It snows on Mars at night, reports a paper published online this week in Nature Geoscience. The study simulates Martian meteorology to suggest that localized storms of rapidly falling snow - ‘microbursts’ of snowfall - can occur on Mars due to cooling of cloud water-ice particles during the night.
Because the atmosphere of Mars is cold and thin, water-ice clouds can form despite the limited amount of atmospheric water vapour compared to Earth. However, it had been thought that any snow precipitation that fell from these clouds did so as slowly settling particles, rather than in rapidly descending storms.
Here, Aymeric Spiga and colleagues use an atmospheric model to simulate the weather on Mars. They find that cooling of water-ice cloud particles during the cold Martian night can create unstable conditions within the cloud, triggering the development of a descending plume of snow. These turbulent storms, which can only form at night, act to vigorously mix the atmosphere and, in some places, deposit snow on the Martian surface. The proposed process also sheds light on the previously unexplained precipitation signatures detected by NASA’s Phoenix lander.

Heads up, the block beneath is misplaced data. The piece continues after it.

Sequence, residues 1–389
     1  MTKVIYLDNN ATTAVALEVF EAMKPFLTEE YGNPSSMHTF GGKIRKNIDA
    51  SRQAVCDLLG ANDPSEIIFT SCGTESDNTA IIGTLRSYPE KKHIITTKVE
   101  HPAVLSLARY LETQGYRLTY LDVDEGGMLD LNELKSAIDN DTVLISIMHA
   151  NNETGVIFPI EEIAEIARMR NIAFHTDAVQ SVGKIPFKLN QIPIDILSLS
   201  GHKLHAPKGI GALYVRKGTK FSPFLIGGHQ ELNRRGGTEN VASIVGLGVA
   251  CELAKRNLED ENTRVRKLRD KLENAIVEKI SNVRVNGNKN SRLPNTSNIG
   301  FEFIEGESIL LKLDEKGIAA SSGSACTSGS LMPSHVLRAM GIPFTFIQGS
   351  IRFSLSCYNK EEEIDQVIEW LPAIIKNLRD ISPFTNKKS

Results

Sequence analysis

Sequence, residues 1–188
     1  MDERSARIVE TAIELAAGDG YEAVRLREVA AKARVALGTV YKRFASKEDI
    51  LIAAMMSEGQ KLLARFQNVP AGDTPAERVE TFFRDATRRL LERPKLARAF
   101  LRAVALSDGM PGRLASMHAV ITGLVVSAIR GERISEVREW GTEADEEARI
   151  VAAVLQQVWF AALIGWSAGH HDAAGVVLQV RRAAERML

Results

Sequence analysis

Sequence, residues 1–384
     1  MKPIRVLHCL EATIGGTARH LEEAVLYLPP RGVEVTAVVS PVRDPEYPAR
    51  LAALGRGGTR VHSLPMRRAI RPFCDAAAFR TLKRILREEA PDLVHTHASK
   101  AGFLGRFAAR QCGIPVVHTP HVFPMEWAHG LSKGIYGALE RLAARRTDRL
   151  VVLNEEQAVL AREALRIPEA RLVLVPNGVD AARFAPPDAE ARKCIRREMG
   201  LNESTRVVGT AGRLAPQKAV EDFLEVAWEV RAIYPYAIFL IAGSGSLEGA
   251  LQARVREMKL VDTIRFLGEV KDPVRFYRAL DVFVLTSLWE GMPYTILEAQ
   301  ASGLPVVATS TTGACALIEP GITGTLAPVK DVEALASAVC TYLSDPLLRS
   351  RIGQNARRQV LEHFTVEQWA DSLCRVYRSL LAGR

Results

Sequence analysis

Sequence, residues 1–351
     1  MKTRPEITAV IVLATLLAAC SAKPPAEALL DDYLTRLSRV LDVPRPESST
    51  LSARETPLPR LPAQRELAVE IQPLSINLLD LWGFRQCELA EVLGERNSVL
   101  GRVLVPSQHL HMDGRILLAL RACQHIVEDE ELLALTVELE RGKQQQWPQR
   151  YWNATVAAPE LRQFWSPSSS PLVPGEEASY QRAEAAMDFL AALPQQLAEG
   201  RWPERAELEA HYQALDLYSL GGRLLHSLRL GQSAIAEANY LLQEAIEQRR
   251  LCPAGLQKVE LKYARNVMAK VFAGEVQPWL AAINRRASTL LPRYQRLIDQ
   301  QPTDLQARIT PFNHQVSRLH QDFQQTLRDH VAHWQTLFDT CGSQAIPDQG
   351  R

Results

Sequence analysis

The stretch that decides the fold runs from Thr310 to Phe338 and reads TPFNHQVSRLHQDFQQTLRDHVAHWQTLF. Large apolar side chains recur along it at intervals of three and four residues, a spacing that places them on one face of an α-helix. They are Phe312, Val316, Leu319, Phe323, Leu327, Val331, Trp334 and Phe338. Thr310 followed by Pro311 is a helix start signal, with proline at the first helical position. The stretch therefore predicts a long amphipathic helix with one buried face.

The authors propose that Martian snowstorms are analogous to small localized storms on Earth called microbursts, in which cold dense air carrying snow or rain is rapidly transported downwards from a cloud.
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